King's Lynn Society of Arts and Sciences
Founded in 1913
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LECTURE RÉSUMÉS 2018-2019
LECTURE RÉSUMÉS 2017-2018
LECTURE RÉSUMÉS 2016-2017
LECTURE RÉSUMÉS 2015-2016
LECTURE RÉSUMÉS 2014-2015
LECTURE RÉSUMÉS 2013-2014
LECTURE RÉSUMÉS 2012-2013
HISTORY OF THE SOCIETY
Résumé of "A Talk on Writing, Including Poetry" by Louis de Bernieres
The speaker was welcomed by our chairman. Mr de Bernieres started by saying that he hoped to convert any scientists in the audience to poetry. He stated that most people don’t know how, or why poetry works. His idea of poetry is that it is language made musical. He pointed out that, in the west, poetry was, initially recited to a lyre, as in Greece. Thus poetry and music were one.
In England poetry and music coincided in ballads of seven to nine syllables. In the eighteenth century it was possible to buy ballads on contemporary topics which could be sung to old tunes.
At the end of the twentieth century some poets felt constrained by conventions such as rhyming. G.M.Hopkins, for example, used ‘sprung rhythm’ to catch the mood of poetry.
Mr. De Bernieres talked of the different types of metre used in poetry. He added that rhyme, though not an integral part of poetry, nevertheless makes a poem easier to remember.
Alliteration (repetition of consonant sounds) was used heavily by Anglo-Saxons. Assonance (recurring vowel sounds) can also be used. Tennyson’s ‘The Eagle’ uses both.
Since English, unlike Italian or Spanish, suffers from a lack of rhyming words, that is a good reason not to rhyme. Our speaker said he was unable to give a definition of poetry.
He answered with panache several interesting questions such as ‘How do you know when a poem is finished?’ Reply — ‘When it’s published!’ He concluded by stating that, in composing poetry, it is useful to know what rules poets have used, but you can then disobey them. Poetry must mean something, as well as being pleasant to the ear.
Our speaker was warmly thanked for the stimulating talk.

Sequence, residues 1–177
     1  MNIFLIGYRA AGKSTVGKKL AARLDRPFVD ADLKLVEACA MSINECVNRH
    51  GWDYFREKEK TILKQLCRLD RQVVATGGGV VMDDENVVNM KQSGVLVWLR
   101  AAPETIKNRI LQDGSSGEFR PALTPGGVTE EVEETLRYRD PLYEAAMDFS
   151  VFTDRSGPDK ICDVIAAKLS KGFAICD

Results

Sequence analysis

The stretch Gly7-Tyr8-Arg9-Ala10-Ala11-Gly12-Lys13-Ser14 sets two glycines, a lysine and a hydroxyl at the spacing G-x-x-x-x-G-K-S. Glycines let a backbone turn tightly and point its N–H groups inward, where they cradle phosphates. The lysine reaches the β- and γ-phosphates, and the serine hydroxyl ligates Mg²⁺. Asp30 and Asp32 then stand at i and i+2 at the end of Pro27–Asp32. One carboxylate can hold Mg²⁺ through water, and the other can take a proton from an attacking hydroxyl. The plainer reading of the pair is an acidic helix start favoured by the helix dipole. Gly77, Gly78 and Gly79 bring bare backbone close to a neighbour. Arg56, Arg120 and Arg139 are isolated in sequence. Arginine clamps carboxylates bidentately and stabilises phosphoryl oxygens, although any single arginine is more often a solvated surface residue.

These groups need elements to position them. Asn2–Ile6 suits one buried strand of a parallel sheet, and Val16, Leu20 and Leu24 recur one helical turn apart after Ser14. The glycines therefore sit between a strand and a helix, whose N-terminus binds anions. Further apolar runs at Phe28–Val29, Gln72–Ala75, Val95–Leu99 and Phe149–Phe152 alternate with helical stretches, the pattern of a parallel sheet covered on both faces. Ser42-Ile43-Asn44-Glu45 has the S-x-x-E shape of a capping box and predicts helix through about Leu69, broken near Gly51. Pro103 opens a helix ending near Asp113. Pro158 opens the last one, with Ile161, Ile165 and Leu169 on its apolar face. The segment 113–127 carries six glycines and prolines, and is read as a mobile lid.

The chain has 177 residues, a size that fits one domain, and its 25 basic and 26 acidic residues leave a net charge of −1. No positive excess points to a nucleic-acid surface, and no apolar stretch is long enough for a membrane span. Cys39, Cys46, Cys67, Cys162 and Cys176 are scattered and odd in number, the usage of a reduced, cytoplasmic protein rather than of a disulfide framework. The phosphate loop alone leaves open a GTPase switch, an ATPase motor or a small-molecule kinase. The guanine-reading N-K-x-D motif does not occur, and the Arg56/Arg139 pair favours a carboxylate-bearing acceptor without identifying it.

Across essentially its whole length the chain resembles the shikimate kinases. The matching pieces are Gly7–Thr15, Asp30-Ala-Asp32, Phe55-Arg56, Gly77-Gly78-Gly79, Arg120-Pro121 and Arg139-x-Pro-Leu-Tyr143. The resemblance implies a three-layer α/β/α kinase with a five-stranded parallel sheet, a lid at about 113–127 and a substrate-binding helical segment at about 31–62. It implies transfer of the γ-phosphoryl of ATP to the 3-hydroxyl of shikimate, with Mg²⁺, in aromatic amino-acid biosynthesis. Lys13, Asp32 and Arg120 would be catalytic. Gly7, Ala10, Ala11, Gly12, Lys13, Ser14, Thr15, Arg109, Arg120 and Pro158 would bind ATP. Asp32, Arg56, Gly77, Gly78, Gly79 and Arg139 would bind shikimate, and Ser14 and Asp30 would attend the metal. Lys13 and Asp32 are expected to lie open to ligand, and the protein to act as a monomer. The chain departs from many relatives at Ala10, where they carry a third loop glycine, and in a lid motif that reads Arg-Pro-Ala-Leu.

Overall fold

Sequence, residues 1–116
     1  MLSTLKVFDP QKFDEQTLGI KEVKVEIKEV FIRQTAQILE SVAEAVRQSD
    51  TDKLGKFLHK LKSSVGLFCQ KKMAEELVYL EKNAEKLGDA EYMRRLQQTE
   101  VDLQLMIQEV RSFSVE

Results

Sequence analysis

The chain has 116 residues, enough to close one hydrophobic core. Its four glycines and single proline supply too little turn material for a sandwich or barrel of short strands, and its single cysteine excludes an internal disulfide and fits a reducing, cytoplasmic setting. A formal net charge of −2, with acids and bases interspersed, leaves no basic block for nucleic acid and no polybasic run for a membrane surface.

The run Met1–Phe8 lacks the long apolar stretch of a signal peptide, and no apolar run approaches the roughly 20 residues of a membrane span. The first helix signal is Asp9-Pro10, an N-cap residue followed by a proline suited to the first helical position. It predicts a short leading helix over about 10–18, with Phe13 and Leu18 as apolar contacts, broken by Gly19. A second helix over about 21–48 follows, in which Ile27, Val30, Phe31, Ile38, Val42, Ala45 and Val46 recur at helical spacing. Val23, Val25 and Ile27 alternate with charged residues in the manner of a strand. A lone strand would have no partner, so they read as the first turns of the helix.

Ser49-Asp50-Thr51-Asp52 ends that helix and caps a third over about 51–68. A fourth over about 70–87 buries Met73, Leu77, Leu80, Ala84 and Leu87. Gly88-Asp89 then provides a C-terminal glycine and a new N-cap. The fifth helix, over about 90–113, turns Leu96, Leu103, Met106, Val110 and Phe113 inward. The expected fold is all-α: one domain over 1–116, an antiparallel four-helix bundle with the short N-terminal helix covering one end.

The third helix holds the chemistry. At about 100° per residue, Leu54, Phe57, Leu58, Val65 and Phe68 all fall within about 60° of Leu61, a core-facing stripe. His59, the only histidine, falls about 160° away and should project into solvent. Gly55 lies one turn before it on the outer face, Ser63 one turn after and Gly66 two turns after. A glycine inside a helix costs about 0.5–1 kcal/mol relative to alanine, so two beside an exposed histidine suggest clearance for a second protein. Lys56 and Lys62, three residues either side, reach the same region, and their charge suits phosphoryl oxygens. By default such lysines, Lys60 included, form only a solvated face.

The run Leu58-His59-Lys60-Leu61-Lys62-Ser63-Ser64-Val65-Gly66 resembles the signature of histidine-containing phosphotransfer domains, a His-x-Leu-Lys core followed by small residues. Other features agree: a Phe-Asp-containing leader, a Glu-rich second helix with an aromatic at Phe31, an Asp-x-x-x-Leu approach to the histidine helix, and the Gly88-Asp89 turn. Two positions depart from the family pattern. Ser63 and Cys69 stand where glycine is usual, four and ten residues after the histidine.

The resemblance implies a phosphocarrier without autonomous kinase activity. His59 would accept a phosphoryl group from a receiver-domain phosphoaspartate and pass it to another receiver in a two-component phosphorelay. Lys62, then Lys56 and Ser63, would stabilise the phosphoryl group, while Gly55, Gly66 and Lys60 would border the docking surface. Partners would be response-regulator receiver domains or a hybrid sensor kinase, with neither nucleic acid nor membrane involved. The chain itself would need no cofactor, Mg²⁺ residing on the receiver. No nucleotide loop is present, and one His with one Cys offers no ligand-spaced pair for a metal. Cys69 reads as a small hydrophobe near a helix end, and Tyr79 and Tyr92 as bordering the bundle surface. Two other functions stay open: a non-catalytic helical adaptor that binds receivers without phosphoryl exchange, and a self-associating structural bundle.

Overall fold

Résumé of "The West Runton Mammoth"
It is twenty seven years since the excitement of the discovery of freshly exposed parts of a mammoth skeleton in the Cromer Beds at the bottom of the cliffs at West Runton, after a storm had loosened material in 1990. Using media that included drone footage and video, Peter Sibbons of Poppyland Publishing, Cromer, gave the Society a comprehensive overview of how the remains were excavated over five years, as well as reconstructing the possible environment of the period and how this mammoth lived and died there.
This mammoth isn’t the better known woolly variety of later glaciations but a much larger species,
, which at 9-10 tonnes and 4m at the shoulder was considerably larger. The remains date from around 700,000 years ago. Pollen analysis of core samples from the site suggest that the temperature then was similar to how it is today. The environment the mammoth knew would have had a nearby river and similar flora and landscape features to that found at Upwell Fen today. The fauna would also be recognisable but with the addition of bears, rhino, hippo, spotted hyena, sabre-toothed cat and others. The Cromer Beds, which lie between Weybourne and Happisburgh where bones and shells have been found for nearly 200 years, were subsequently overlain by outwash from later glaciers which left them at the bottom of today’s cliffs.
Excavations in 1992 and 1995 showed the skeleton to be incomplete and scattered. Using methods of reconstructive archaeology and observations from current elephant and hyena behaviour, it is suggested that the remains had been trampled by other group members and scavenged by predators, as the bones were smashed in distinctive ways; teeth marks and coprolites indicate hyena activity. Also, the left knee showed pathology consistent with injury which may have weakened it.
The bones were all secured in plaster of Paris and removed from site. The remains have not been put on display yet, although the Castle Museum at Norwich is their likely destination. It is planned to launch the Deep History Coast Project this April and there will eventually be fourteen information points between Weybourne and Happisburgh. A DVD of the discovery and excavation of the mammoth based on about sixty hours of video taken at the time is to be produced in the future.